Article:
A round-up of the health news in the papers on Friday 24 February.
NICE’s recommendation that hospital staff should give greater priority to patients’ requests for food, drink, pain relief and the chance to have a wash makes the top health story in the Guardian today.
NICE drew up its patient standard and guidance after care – especially over elderly patients’ nutritional needs and privacy – was criticised in reports by the NHS ombudsman, Care Quality Commission, Age UK and the Patients Association, the paper says.
The institute wants health professionals to ‘develop an understanding of the patient as an individual, including how the condition affects the person, and how the person’s circumstances and experiences affect their condition and treatment’.
The Daily Mail leads on the two doctors suspended over allegations that women were granted illegal abortions based on the gender of their baby.
The suspensions follow an undercover investigation by the Daily Telegraph which found consultants apparently agreed to terminate a pregnancy based only on the baby’s sex, with ‘no questions asked’.
As part of the investigation, reporters accompanied pregnant women to nine clinics across the country, of which three said they were prepared to abort the baby because of its gender.
The Independent leads on the head of the Care Quality Commission who resigned yesterday from her £200,000-a-year post, saying it casts the future regulation of the NHS into doubt.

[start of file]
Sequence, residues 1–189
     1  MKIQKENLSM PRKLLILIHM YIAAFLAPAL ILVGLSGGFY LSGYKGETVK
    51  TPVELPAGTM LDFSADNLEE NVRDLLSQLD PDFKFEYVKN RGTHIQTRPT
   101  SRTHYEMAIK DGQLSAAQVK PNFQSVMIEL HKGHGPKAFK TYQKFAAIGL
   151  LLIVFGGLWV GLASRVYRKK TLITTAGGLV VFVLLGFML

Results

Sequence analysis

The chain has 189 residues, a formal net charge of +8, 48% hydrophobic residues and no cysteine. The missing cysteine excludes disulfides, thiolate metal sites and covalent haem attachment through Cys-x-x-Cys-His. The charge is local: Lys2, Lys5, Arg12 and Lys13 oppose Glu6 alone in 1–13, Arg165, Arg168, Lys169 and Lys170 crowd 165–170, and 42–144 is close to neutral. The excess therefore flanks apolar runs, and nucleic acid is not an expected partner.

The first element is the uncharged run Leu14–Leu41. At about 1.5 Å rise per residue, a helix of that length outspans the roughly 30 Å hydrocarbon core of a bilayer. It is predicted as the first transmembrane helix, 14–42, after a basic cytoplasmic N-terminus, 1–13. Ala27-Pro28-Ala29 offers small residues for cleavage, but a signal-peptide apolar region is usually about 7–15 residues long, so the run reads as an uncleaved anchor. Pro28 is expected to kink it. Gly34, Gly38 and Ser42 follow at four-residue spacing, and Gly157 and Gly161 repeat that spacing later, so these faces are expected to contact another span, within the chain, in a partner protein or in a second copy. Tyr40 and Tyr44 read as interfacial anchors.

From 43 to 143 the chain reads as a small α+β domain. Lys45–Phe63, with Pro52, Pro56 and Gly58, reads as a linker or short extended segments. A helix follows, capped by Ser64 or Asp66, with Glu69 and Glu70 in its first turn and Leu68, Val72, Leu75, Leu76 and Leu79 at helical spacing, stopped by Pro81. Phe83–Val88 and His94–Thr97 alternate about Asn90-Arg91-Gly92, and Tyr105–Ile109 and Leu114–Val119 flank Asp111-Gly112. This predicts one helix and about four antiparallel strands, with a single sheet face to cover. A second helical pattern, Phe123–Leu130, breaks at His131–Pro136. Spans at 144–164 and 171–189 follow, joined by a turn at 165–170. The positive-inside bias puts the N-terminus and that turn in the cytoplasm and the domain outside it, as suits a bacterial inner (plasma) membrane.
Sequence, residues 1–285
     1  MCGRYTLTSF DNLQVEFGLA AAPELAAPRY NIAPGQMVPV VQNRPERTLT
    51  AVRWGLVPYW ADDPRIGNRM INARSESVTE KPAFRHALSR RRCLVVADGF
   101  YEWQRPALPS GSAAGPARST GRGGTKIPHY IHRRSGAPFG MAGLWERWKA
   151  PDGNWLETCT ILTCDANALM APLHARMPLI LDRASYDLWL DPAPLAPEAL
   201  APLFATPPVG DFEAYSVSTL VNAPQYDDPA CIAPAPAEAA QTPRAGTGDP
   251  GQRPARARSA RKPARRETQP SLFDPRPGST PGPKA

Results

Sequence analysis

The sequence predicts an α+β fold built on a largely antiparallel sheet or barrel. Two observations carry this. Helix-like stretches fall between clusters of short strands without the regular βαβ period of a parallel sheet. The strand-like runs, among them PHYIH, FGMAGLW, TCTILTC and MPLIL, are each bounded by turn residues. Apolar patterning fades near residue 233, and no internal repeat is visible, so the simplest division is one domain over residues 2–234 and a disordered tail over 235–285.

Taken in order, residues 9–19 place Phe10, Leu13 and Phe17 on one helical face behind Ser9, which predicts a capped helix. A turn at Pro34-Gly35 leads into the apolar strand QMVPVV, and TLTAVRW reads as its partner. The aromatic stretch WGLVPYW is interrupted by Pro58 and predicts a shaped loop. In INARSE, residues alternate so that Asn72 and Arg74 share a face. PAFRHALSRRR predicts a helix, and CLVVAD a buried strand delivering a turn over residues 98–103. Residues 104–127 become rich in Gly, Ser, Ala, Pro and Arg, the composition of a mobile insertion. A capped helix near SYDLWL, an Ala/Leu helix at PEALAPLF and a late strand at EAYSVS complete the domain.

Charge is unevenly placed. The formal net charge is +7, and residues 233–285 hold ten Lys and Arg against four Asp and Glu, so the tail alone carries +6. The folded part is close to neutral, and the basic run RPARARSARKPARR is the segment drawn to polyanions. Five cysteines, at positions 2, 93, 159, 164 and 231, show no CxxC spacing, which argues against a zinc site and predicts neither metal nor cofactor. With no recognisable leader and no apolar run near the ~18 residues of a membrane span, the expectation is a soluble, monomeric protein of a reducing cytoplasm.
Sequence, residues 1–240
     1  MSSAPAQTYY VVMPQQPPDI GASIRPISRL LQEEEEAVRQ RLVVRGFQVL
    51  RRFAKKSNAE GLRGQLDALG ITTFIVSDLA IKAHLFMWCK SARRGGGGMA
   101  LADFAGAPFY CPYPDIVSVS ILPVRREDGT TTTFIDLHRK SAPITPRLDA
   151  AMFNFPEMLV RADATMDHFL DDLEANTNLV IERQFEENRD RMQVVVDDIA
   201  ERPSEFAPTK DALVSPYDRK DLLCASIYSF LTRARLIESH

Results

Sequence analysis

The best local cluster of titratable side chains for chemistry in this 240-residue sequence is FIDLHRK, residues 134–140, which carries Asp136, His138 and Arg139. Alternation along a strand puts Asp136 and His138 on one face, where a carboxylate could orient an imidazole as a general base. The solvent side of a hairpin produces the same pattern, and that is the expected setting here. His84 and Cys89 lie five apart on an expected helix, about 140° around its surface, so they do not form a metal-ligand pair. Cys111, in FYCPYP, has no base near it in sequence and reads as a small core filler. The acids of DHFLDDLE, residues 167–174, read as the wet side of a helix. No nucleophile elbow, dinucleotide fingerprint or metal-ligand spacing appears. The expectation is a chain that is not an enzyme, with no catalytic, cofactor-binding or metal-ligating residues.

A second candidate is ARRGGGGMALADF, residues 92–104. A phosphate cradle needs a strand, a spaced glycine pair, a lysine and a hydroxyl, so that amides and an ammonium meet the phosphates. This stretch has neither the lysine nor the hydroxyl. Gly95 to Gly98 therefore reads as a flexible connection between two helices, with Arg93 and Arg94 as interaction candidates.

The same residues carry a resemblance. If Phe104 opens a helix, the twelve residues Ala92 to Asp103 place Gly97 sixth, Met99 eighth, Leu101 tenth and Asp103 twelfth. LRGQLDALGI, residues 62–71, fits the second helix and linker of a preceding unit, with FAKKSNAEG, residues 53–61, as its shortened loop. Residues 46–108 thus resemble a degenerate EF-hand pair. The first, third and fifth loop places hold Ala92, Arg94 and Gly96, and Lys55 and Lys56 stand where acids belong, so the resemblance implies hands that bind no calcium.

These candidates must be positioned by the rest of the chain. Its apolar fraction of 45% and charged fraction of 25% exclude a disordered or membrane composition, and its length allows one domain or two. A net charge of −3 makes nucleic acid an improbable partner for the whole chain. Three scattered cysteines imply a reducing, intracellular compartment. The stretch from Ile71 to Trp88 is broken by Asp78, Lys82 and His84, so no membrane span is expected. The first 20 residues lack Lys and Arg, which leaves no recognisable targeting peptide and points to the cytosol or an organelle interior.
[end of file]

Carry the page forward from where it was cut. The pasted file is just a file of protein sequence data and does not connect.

Cynthia Bower, chief executive of the CQC, announced it was ‘time to move on’ as the Department of Health announced a review of the organisation she heads, which has been beset by low morale, lack of funds and board level disputes.
The newspaper says criticism of Ms Bower’s stewardship has been bubbling for months and there was speculation yesterday that she had chosen to go while she could ‘hold her head up high’.
The DH is preparing to publish results of inquiries into failures of regulation at the Winterbourne View care home and allegations by a member of the CQC board of a ‘dysfunctional’ regime at the organisation in the next few weeks.
Finally, back to the Mail which reports that many patients with less common cancers are referred to a specialist for diagnosis only after three or more trips to their GP
A study has found that patients with multiple myeloma, pancreatic, stomach and ovarian cancer – each occurring in fewer than 10,000 patients a year – are most likely to need several GP visits before a hospital referral.
Researchers at Cambridge University found three-quarters of cancer patients who first went to their family doctor with suspicious symptoms were referred to hospital after only one or two consultations, the paper says.
But the study, published in The Lancet Oncology journal, said there were ‘wide variations’ depending on the type of cancer and patient.